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Baker Farm bark beans beautiful birds bottom brown thrasher called cellar clothes color commonly Concord Concord River dark deep distant door dwelling earth eyes Fair Haven farm farmer feet field fire fish Fitchburg Railroad forest Gondibert grass green ground half hand hear heard heaven hills holes hour human hunter inches Indian inhabitants John Field johnswort keep labor learned leaves live Loch Fyne log canoe look loon luxury meadow mile morning muskrats Nature neighbors never night once perchance perhaps pickerel pine pitch pines poor railroad rain rods sand savage season seen shallow shelter shore shrub oak side snow sometimes sound spring squirrels stand stones sumachs summer surface things thought town traveller trees true veery village Walden Pond walk warm wigwam wild wind winter woodchuck woods
Page 92 - I AM monarch of all I survey, My right there is none to dispute ; From the centre all round to the sea I am lord of the fowl and the brute.
Page 4 - Moreover, I, on my side, require of every writer, first or last, a simple and sincere account of his own life, and not merely what he has heard of other men's lives ; some such account as he would send to his kindred from a distant land ; for if he has lived sincerely, it must have been in a distant land to me.
Page 366 - Why should we be in such desperate haste to succeed and in such desperate enterprises? If a man does not keep pace with his companions, perhaps it is because he hears a different drummer. Let him step to the music which he hears, however measured or far away.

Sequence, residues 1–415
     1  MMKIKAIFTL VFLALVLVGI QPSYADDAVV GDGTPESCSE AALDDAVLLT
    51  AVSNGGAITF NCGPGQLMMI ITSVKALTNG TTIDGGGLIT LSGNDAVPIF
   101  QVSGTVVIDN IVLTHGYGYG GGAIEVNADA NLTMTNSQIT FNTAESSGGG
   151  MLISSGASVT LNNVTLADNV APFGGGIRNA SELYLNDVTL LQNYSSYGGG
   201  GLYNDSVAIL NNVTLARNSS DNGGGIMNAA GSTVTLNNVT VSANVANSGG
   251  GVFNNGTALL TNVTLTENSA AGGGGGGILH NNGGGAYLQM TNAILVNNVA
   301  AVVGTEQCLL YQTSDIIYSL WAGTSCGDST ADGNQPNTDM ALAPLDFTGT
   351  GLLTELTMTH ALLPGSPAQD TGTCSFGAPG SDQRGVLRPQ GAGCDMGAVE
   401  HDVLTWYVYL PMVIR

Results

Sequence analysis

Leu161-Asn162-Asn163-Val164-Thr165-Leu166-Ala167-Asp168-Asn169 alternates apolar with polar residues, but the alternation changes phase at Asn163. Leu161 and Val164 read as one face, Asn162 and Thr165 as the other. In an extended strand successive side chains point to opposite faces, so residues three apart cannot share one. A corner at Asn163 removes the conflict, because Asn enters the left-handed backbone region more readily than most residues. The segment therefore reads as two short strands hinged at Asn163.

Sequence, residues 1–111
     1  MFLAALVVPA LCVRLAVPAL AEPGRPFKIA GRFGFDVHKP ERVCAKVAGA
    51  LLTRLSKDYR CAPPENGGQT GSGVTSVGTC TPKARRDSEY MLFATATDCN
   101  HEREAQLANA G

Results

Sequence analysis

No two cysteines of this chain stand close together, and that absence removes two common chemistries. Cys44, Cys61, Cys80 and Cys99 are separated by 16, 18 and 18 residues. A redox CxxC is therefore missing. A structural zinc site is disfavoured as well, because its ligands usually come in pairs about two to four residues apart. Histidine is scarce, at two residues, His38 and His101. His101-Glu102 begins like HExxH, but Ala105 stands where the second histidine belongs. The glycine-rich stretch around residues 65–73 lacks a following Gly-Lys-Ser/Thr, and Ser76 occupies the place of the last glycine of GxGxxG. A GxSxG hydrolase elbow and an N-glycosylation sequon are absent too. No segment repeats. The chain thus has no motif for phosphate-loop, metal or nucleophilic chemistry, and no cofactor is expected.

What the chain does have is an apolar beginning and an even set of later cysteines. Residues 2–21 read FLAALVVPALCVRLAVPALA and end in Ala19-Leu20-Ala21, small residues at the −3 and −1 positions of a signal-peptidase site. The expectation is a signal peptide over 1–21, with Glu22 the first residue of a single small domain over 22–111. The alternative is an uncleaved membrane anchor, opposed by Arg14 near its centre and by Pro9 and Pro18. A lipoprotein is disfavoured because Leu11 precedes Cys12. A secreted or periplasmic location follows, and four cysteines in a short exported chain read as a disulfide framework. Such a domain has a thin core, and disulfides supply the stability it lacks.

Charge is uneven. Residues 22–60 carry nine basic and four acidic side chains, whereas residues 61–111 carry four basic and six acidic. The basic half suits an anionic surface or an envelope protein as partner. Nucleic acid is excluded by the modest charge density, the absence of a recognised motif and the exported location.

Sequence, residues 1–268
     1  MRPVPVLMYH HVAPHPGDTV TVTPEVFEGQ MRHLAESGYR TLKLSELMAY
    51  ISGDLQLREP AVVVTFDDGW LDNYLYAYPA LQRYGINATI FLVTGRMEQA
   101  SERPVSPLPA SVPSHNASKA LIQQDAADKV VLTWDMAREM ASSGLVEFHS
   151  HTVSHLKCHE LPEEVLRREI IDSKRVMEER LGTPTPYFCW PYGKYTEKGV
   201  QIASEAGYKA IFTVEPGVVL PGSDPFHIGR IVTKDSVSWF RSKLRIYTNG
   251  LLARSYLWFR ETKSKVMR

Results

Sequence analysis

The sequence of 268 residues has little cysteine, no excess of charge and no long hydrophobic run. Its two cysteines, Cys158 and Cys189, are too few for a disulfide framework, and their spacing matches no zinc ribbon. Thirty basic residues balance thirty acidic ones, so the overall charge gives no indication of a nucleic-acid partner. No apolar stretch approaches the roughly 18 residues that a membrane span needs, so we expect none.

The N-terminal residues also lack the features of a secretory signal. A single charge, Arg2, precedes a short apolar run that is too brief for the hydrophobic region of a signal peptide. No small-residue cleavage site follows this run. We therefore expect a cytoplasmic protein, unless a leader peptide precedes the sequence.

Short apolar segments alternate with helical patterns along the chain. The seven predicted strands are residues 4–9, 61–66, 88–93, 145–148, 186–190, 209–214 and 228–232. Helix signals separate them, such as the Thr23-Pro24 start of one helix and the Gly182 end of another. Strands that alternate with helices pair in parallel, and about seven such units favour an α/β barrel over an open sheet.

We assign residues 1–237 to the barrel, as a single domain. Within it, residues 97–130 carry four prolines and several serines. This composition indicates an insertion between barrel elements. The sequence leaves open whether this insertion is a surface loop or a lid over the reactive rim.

Page 365 - I desire to speak somewhere without bounds; like a man in a waking moment, to men in their waking moments : for I am convinced that I cannot exaggerate enough even to lay the foundation of a true expression.
Page 78 - In short, I am convinced, both by faith and experience, that to maintain one's self on this earth is not a hardship but a pastime, if we will live simply and wisely; as the pursuits of the simpler nations are still the sports of the more artificial. It is not necessary that a man should earn his living by the sweat of his brow, unless he sweats easier than I do.
Page 146 - Every little pine needle expanded and swelled with sympathy and befriended me. I was so distinctly made aware of the presence of something kindred to me, even in scenes which we are accustomed to call wild and dreary, and also that the nearest of blood to me and humanest was not a person nor a villager, that I thought no place could ever be strange to me again.
Page 232 - I found in myself, and still find, an instinct toward a higher, or, as it is named, spiritual life, as do most men, and another toward a primitive rank and savage one, and I reverence them both. I love the wild not less than the good.
Page 239 - The true harvest of my daily life is somewhat as intangible and indescribable as the tints of morning or evening. It is a little star-dust • caught, a segment of the rainbow which I have clutched.
Page 144 - But for the most part it is as solitary where I live as on the prairies. It is as much Asia or Africa as New England. I have, as it were, my own sun and moon and stars, and a little world all to myself.
Page 18 - I long ago lost a hound, a bay horse, and a turtle-dove, and am still on their trail. Many are the travelers I have spoken concerning them, describing their tracks and what calls they answered to. I have met one or two who had heard the hound, and the tramp of the horse, and even seen the dove disappear behind a cloud; and they seemed as anxious to recover them as if they had lost them themselves.